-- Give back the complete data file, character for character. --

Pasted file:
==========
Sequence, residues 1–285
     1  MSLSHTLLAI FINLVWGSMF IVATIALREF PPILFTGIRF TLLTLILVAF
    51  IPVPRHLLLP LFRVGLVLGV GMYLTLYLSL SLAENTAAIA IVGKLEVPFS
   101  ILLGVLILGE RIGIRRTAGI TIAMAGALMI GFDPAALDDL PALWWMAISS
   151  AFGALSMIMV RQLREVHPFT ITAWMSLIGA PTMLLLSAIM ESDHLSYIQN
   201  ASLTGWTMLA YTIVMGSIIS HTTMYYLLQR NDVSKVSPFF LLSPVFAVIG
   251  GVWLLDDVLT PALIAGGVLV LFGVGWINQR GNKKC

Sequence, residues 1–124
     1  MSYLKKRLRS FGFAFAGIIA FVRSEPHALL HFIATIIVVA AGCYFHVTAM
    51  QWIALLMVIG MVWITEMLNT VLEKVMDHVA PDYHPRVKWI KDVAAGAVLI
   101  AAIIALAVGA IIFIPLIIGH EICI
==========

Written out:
Sequence, residues 1–285
     1  MSLSHTLLAI FINLVWGSMF IVATIALREF PPILFTGIRF TLLTLILVAF
    51  IPVPRHLLLP LFRVGLVLGV GMYLTLYLSL SLAENTAAIA IVGKLEVPFS
   101  ILLGVLILGE RIGIRRTAGI TIAMAGALMI GFDPAALDDL PALWWMAISS
   151  AFGALSMIMV RQLREVHPFT ITAWMSLIGA PTMLLLSAIM ESDHLSYIQN
   201  ASLTGWTMLA YTIVMGSIIS HTTMYYLLQR NDVSKVSPFF LLSPVFAVIG
   251  GVWLLDDVLT PALIAGGVLV LFGVGWINQR GNKKC

Sequence, residues 1–124
     1  MSYLKKRLRS FGFAFAGIIA FVRSEPHALL HFIATIIVVA AGCYFHVTAM
    51  QWIALLMVIG MVWITEMLNT VLEKVMDHVA PDYHPRVKWI KDVAAGAVLI
   101  AAIIALAVGA IIFIPLIIGH EICI